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BWW Blog: Why Ballet Essential Ballet Training for a Musical Theatre Student

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BWW Blog: Why Ballet Essential Ballet Training for a Musical Theatre Student

It is a widely known fact that ballet is the hardest style of dance to train in, and requires the use of muscles that the average person would not even know existed. The isolation of different body parts to properly execute ballet combinations is extremely difficult to mentally understand, let alone physically do, evidently making it a very stressful art form. I was always very puzzled by ballet: by the terminology, why this body part goes here without letting this other body part move, how properly standing in fifth position is one of the hardest physical activities ever, and pretty much everything about it. I'm also one to call myself a failure if I don't do something correctly the first time, therefore in all my years of ballet class I was always very difficult to teach (sorry to every ballet teacher I've ever had for being such a brat!!). Despite ballet being a nearly impossible art form to perfect, it is the ground foundation of any style of dance and sculpts your body into its best form, essential for any performer of any facet. I did not fully understand why balancing in coupe front for a million and four counts during barre would help me do hitch kicks in "Seventy-Six Trombones" until this summer, when I actually did hitch kicks in "Seventy-Six Trombones". (See what I did there?!)

I was the dance captain for a production of "The Music Man" out in the Berkshire region of Massachusetts, and we were performing a "real Broadway schedule": eight shows a week with two-show days on Wednesdays and Saturdays. Pure adrenaline of doing this classic show with classic choreography was getting me through the rehearsal and tech process and our first week of shows. I hadn't been in class for a while, but I was still in decent shape to execute the dance numbers. It wasn't until the middle of week 2 of shows that my body started to feel fatigued. It took me forever to get out of bed in the morning and I was starting to feel lethargic onstage. I knew it wasn't because I wasn't passionate about what I was doing, and I was stretching before every show, but my stamina was decreasing and I needed to figure out why.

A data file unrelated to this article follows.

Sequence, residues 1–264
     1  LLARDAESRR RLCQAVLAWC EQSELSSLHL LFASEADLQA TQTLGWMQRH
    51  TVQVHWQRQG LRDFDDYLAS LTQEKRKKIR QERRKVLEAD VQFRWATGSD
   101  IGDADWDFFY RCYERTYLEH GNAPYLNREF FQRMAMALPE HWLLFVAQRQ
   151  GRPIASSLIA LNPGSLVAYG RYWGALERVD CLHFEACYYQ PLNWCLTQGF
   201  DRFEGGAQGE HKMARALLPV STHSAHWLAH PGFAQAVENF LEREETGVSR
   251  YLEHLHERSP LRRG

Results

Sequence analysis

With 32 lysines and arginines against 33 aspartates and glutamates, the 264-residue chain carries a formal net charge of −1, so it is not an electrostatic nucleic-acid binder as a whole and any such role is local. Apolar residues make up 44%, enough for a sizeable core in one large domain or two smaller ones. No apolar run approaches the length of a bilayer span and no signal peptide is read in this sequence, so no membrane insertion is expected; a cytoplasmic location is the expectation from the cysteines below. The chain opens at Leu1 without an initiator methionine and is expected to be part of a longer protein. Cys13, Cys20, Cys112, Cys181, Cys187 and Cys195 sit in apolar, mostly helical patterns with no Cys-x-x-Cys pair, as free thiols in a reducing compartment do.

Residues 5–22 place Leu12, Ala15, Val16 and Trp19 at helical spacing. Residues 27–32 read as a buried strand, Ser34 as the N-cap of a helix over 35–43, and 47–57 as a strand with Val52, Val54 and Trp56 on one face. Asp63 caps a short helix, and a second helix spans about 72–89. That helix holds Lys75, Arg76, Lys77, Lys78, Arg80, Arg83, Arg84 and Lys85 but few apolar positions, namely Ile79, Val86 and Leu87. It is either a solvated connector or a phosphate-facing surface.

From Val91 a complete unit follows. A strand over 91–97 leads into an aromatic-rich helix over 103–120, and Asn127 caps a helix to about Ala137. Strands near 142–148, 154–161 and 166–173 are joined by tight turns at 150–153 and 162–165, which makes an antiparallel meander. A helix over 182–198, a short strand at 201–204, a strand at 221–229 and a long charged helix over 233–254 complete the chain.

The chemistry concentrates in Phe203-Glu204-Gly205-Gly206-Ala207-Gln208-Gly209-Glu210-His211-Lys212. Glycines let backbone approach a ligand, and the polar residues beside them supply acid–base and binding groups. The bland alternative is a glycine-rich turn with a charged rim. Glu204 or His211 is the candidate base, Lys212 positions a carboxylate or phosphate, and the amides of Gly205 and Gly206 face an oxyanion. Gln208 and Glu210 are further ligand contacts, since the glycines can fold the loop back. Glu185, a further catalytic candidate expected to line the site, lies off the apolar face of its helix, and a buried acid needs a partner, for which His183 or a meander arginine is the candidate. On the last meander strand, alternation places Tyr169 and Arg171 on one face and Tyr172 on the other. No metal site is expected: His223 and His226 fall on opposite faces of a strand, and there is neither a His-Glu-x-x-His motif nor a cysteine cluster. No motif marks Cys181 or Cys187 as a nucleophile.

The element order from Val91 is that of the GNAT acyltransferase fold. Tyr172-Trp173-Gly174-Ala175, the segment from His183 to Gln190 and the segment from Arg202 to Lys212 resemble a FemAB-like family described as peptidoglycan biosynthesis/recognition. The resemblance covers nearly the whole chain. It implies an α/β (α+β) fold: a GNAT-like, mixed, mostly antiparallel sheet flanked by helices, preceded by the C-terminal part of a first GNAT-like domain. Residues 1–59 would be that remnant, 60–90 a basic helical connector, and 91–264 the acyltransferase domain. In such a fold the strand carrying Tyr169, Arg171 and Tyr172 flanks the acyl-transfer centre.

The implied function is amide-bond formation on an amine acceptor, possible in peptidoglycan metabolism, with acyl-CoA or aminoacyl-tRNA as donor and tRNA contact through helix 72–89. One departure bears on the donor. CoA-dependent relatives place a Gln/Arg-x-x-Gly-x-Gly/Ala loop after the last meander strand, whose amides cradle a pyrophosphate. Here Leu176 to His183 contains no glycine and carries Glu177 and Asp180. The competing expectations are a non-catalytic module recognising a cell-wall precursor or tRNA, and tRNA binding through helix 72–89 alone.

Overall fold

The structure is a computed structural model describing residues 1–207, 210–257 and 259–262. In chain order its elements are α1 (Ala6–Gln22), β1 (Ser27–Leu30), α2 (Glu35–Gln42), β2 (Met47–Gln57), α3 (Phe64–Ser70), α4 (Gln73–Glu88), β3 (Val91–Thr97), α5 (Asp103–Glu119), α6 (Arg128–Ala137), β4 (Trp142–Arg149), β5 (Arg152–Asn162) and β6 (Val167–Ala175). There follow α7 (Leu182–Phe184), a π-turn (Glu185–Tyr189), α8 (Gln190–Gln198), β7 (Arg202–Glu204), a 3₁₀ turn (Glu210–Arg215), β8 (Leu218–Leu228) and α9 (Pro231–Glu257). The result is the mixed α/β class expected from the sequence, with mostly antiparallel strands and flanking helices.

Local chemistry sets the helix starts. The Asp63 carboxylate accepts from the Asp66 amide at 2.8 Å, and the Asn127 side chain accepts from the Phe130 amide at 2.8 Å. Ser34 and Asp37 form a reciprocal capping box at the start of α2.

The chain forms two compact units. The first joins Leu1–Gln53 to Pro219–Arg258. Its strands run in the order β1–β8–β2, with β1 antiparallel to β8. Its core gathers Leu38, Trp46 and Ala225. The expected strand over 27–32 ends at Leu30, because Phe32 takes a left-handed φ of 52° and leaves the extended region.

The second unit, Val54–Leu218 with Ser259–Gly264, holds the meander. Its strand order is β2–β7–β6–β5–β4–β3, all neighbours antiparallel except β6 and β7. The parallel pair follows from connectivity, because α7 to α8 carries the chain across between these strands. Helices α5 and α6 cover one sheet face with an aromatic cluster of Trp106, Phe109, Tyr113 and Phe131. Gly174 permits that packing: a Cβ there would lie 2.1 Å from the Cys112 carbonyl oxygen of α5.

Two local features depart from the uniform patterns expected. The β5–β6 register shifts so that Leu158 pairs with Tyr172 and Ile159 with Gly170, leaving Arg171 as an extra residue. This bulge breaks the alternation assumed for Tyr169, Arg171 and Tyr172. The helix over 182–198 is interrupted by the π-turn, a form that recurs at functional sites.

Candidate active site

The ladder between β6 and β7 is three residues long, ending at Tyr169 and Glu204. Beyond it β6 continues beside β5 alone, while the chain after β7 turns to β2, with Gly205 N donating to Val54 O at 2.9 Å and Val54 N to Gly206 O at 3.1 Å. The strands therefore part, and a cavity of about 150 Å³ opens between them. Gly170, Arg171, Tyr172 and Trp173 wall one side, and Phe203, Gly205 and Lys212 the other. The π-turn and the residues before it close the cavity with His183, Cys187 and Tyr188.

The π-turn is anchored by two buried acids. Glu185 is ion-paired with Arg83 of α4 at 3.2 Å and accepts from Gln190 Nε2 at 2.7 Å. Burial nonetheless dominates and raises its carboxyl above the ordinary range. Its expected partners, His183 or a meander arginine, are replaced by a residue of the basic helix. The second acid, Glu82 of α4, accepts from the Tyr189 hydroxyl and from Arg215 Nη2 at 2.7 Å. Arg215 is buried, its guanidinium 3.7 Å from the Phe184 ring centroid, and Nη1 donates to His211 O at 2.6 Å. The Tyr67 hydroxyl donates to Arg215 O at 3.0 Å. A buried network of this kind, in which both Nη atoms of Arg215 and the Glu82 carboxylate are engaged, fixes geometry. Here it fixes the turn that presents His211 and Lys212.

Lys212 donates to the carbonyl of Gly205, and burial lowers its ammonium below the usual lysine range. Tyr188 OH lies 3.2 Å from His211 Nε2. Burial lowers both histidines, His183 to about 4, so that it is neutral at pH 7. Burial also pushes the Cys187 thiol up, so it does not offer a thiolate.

That next Wednesday I went to an open ballet class at Jacob's Pillow with a few of my castmates, and it was honestly the best thing I could have done. I knew I was going to be rusty since I hadn't consistently been in class that summer, but by the end of class I felt every muscle working the way it should have been, and with my body re-introduced to those muscles I was able to complete my two shows that day with plenty of energy. During the class I was applying corrections I had heard almost my entire dance career, but for some reason on this one day I fully understood why they were important because I knew my body needed it in order to finish the run of the show. I'm thankful it was ballet class improving my physical being and not physical therapy after a show-related injury, and it was a lightbulb moment in my training teaching to always be accepting and open minded in future ballet classes because in order to sustain eight shows a week, you need ballet.

The rest of the run I did a ballet barre before every show, and now whenever I take class outside of my university, nine times out of ten it is a ballet class. Ballet has not only made me a smarter dancer but it has improved my posture and taught me how to carry myself more confidently (which is a must for any actor-singer even if you are not a dancer). Even if you do not pursue dance as a career, training in ballet teaches one discipline, punctuality and determination to try something new, and in this career one needs to be fearless. So the next time you think about skipping ballet, you could be trading that missed class in for a physical therapy session for an injury you have down the road.


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From This Author Student Blogger: Jenna Napolitano